Actually, it's a comedy. Based on the play Real Girls, it tells (literally, more on that in a bit) the autobiographical story of polar opposite actors-writers Robin Greenspan and Lacie Harmon falling in love after being cast as lovers in a play. No one's just beginning to recognize their nascent sexuality, here; both women are already lesbians when the film starts. Robin's six-year marriage to Audrey (Katherine Randolph) is slowly cooling down, though, and Lacie would be happier by herself than continuing her relationship with Cass (Lauren Maher). Despite their best efforts to stay apart, the two slowly find themselves inexplicably attracted to each other.
While this sounds like a good setup for a traditional romantic comedy, Girl Play instead decides to closely adhere to its theatrical roots. The movie is not so much a film as a play that is captured on film, and the play is essentially two essays that are read aloud. Interspersed between the many, many scenes of the two leads talking to the camera are depictions of what they're telling you about. Everything is narrated, from their feelings and thoughts to the minutia of entering a door or even breathing. While this may have been essential to the play, in a movie it is, at best, unnecessary. At worst, it's irritating, like watching a commentary where the director and actors feel the need to tell you the story as you watch it.
It's too bad, too, because there's some genuinely funny material here, the majority of which comes from the other characters in the film that appear in flashback – they at least get to say their own lines. With more screen time, the hilarious Mink Stole (as Robin's mother) and Dom Deluise (as Gabriel, the play's director) would have stolen the show, but they only exist on the periphery.
Lee Friedlander's ho-hum direction does nothing to help things. Granted, the majority of the movie has Greenspan and Harmon facing the camera and talking at length, but even disregarding that, it has a very pedestrian look. Nearly every scene dissolves into the next, digital film effects are used, and we are constantly bombarded with montages, most notably at the end when we are subject to a completely unnecessary recap of the film. Every detail is agonized over (often in slow motion) and several shots linger far too long. The movie really drags because of it – with a running time of only 80 minutes (10 of which are credits), it feels like it's 10 minutes too long.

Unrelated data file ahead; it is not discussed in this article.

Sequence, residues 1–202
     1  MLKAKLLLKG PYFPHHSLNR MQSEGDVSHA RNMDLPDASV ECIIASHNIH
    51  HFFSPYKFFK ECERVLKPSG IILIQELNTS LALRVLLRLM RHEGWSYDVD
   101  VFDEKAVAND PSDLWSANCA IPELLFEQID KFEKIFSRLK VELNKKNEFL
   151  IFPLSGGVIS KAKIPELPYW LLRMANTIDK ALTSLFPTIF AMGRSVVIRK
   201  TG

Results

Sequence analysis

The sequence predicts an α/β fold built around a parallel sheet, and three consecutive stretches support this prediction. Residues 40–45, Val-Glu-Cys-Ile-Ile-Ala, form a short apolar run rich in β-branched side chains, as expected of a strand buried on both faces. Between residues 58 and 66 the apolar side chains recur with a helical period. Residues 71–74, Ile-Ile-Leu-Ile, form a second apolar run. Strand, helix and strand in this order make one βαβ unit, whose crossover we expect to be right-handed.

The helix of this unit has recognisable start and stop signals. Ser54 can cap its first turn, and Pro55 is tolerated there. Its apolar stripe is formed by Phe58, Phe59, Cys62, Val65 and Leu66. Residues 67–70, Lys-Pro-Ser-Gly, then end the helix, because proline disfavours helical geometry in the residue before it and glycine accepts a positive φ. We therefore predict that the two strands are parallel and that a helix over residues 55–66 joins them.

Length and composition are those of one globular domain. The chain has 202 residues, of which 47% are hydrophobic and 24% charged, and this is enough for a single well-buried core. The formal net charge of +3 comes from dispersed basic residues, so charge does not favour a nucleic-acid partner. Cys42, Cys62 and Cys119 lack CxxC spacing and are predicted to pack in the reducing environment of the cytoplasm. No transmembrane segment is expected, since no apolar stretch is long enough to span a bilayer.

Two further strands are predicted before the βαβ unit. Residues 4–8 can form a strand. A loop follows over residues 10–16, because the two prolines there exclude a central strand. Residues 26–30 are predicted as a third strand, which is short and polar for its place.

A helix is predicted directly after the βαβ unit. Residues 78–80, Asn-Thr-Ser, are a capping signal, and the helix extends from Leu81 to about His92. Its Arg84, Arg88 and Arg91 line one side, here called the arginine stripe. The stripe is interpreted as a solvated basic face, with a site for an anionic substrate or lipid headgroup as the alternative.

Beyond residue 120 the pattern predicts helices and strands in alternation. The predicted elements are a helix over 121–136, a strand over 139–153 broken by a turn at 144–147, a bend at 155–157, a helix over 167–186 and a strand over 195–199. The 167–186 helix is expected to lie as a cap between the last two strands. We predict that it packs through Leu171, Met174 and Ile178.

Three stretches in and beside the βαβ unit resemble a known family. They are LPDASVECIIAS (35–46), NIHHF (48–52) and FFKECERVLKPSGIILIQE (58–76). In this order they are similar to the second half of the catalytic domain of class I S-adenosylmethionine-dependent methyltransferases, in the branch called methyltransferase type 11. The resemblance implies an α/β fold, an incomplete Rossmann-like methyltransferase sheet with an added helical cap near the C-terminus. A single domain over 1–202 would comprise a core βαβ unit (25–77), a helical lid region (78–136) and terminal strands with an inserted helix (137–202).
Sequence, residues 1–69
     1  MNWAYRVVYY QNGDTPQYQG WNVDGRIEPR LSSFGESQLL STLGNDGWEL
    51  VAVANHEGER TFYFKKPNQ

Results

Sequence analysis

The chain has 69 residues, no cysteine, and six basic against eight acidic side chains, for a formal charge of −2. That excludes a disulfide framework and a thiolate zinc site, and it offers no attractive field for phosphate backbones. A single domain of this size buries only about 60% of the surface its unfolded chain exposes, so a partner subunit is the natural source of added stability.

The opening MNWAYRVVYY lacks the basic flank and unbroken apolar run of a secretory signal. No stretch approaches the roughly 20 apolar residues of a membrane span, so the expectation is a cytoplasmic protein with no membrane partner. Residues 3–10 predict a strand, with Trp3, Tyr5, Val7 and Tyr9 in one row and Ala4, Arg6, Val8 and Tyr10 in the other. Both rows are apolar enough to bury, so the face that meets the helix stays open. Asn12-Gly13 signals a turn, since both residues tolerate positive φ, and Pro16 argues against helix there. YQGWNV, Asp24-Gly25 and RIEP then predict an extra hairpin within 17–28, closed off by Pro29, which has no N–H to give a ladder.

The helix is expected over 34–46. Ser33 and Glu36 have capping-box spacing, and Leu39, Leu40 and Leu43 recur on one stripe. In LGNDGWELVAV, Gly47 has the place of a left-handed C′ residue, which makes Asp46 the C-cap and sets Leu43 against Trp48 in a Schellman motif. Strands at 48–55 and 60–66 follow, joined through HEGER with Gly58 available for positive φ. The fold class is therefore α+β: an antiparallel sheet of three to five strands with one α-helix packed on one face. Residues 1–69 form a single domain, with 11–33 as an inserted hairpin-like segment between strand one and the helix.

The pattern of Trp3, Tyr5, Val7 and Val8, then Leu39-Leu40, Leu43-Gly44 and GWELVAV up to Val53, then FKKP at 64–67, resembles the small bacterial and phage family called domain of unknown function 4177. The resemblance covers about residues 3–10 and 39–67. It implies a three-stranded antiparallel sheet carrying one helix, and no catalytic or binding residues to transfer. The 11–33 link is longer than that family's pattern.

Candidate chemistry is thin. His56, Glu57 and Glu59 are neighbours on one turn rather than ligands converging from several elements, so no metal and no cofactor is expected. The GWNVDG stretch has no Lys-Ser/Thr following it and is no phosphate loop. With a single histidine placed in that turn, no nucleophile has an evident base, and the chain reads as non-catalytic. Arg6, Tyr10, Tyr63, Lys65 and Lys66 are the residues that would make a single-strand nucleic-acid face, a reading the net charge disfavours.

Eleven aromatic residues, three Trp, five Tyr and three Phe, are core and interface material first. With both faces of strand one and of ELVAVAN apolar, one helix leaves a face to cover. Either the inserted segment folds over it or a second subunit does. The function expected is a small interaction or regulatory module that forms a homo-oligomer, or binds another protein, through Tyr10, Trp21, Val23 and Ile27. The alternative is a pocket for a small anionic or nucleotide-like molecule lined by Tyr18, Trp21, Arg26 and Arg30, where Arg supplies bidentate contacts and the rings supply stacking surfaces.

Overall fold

The film is presented in letterboxed widescreen with a 1.85:1 aspect ratio. There's a moderate amount of grain throughout the flashbacks; naturally, it's more noticeable in darker scenes. What few outdoor scenes there are are appropriately bright. Overall, it looks above average for an independent feature.
Although there are enough songs to fill a soundtrack, it seems that most of them are included to cover the montage scenes. Since the movie is narrated without background music, I was surprised to see how long the song list was at the end. What music I did notice (the beginning credits, the end credits, and here and there in between) was good and should appeal to the demographic who will most likely be buying this movie (a demographic, I suspect, that is not shared by DVD Talk). Voices are clear and audible all through the film, as well.
The sound is presented in Dolby 2.0 stereo, which is more than sufficient. Closed captions are available for the hearing impaired.
A trailer and a 25 minute self-congratulatory documentary (aren't they all?) with interviews with the two leads, the director, and the producers. There are also trailers for Wolfe's other features.
Girl Play fails to adequately take into account the difference between film and theatre, and uninspired direction does nothing to help. There's some good here, but it's mostly to be found in the writing and performances of the secondary characters. It would have been better as a book. Rent it.